Our bodies cannot be ignored; they are with us all the time, although we tend to take them for granted when they are not causing us trouble. Our physical and mental states can reinforce each other, for good or ill. This is a relationship we can reflect on.
We are all subject to an endless variety of aches and pains: colds & congestion, fever, nausea, bone and muscle pain. Do we recognize these as opportunities, from which we can learn patience and compassion or new ways to deepen our awareness?
Matthew Sanford became a paraplegic in a devastating car crash at age 14. Surprisingly, he is now an accomplished yoga teacher and inspirational speaker (http://www.matthewsanford.com).
In an interview with Krista Tippett (from her book Becoming Wise) we learn that Sanford disagrees with the statement “My body has failed me.” He says that our bodies, as long as they possibly can, will be faithful to living. That’s what they do — they re-group to recover. Our bodies are working as hard as they can to keep life going. Knowing this, we can view our bodies with compassion or gratitude rather than impatience or resentment.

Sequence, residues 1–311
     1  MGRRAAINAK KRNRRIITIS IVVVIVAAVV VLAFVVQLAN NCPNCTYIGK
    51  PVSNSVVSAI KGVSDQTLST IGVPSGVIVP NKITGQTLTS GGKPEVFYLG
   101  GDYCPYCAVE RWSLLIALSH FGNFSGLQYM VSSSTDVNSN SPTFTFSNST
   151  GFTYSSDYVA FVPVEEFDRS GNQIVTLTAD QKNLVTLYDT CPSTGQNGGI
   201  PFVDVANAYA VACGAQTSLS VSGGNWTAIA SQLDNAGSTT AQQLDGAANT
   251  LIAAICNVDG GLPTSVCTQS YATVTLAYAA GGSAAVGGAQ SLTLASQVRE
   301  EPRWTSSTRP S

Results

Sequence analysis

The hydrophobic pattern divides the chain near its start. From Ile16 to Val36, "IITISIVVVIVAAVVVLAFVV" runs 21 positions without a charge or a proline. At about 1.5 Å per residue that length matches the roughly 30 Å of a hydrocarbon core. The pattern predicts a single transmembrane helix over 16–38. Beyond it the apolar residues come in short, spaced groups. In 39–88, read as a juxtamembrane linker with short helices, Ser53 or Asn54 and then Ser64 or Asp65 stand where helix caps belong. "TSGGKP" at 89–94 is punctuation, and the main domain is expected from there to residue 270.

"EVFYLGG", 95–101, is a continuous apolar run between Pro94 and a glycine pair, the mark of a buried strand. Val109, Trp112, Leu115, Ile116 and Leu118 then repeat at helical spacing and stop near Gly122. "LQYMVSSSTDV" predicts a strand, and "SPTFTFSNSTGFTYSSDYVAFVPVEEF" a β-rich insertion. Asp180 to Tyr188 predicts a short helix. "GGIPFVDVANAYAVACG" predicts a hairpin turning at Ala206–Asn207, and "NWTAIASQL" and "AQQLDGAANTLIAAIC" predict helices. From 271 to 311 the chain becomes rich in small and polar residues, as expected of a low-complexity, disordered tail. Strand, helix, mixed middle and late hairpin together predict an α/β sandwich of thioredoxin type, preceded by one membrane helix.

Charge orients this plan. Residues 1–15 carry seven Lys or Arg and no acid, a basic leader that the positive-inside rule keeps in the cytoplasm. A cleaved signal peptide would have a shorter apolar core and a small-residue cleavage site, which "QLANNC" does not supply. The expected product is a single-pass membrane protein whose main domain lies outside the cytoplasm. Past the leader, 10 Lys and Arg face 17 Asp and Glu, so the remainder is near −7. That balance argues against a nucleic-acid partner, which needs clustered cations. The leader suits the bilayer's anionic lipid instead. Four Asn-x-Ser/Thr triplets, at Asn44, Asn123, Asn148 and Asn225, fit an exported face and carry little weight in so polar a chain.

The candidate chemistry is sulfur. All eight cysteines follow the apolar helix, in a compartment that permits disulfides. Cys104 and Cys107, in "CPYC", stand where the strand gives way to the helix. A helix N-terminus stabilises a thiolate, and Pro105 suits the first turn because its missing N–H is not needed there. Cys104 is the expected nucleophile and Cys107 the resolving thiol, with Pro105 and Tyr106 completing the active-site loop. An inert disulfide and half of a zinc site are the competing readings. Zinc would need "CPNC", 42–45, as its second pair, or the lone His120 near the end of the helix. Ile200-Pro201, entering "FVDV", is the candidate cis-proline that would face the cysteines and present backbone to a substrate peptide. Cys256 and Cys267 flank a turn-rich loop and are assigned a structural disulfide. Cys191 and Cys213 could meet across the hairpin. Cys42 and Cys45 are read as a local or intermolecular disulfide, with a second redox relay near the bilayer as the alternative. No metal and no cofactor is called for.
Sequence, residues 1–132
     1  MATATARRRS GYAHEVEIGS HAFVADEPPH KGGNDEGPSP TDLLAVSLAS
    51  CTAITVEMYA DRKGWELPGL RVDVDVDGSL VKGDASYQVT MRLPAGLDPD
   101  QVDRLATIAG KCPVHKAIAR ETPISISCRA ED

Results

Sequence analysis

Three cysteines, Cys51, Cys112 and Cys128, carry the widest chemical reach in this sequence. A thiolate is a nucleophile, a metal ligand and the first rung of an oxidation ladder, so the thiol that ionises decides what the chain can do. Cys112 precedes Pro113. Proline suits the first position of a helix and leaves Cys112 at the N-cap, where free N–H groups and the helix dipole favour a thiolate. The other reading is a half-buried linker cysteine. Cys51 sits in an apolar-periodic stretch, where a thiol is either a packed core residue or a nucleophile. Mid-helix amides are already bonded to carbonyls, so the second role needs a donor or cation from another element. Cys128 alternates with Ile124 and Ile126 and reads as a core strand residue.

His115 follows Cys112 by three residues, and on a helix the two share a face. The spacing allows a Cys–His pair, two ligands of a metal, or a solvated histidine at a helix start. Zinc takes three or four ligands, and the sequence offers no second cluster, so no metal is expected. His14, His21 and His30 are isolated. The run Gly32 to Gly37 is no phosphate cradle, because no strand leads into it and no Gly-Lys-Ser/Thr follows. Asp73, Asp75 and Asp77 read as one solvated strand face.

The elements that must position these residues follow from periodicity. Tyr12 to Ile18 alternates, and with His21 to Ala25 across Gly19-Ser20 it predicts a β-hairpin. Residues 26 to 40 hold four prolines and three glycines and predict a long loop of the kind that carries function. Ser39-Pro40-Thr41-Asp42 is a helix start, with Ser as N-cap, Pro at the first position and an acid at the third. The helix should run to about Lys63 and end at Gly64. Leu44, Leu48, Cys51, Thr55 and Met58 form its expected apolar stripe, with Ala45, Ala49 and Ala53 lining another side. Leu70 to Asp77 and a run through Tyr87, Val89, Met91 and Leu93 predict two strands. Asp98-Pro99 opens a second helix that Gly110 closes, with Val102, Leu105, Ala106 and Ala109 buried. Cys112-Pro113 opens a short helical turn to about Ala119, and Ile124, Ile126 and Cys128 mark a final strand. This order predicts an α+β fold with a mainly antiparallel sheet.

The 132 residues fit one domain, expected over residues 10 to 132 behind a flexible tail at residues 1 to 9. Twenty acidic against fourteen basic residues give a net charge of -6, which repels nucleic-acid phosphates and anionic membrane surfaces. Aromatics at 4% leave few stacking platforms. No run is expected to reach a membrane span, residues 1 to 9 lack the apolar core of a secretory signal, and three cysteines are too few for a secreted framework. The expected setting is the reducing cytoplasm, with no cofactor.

Our bodies can be the cause of tremendous fear and also joy. Because something very deep in us believes that our bodies are the most essential part of us, whenever the body seems threatened or to be breaking down, we may feel we’re under attack. Similarly, pleasant physical sensations can make us forget everything else. It’s so hard for us to keep perspective! If we attend to our bodies with mindfulness, we will notice its changing nature. We might remember that we’ve survived physical challenges, pains, etc. and even anticipate that we might be confronted with other challenges in the future. If we live long enough, we will have to witness the decay of our bodies – the diminishment of our senses, the encroachment of chronic illnesses, the changing of bodily functions. Can we appreciate that our physical bodies are doing the best they can, this whole time?
This is a reflection without an endpoint. Mindfulness of the body is a home port we can return to again and again; we can know it more and more deeply. When we really know our bodies, through direct experience, mindfully, continuously, we come to know the whole world as it is.